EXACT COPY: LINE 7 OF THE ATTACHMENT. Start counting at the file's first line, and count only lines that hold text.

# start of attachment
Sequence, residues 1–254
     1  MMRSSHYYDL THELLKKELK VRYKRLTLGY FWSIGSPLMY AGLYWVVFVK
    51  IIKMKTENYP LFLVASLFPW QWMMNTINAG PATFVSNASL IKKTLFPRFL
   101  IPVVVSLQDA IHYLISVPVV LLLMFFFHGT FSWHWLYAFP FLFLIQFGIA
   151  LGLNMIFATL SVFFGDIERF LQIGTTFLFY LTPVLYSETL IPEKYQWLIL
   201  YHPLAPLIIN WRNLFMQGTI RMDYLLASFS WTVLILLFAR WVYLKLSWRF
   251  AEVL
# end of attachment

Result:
   251  AEVL